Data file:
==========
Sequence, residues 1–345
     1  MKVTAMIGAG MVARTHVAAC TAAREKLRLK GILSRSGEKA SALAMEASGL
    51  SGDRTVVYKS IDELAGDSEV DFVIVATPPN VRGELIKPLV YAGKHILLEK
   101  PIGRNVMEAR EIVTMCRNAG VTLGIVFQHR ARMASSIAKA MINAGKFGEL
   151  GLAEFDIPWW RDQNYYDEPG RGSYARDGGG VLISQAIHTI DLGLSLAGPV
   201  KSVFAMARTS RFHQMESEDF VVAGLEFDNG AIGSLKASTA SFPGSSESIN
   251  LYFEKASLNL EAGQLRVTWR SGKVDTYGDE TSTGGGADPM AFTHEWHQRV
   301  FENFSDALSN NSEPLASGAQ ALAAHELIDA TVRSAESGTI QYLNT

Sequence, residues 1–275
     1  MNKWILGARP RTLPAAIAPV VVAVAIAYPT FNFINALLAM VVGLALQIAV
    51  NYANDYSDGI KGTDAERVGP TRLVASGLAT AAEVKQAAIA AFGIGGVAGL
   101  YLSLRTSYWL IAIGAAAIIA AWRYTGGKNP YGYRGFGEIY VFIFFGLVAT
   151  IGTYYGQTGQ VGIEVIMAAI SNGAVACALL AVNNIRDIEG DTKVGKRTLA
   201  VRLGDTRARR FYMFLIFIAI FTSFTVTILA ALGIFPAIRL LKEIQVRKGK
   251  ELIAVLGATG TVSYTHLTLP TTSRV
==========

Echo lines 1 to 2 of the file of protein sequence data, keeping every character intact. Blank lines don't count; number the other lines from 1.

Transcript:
Sequence, residues 1–345
     1  MKVTAMIGAG MVARTHVAAC TAAREKLRLK GILSRSGEKA SALAMEASGL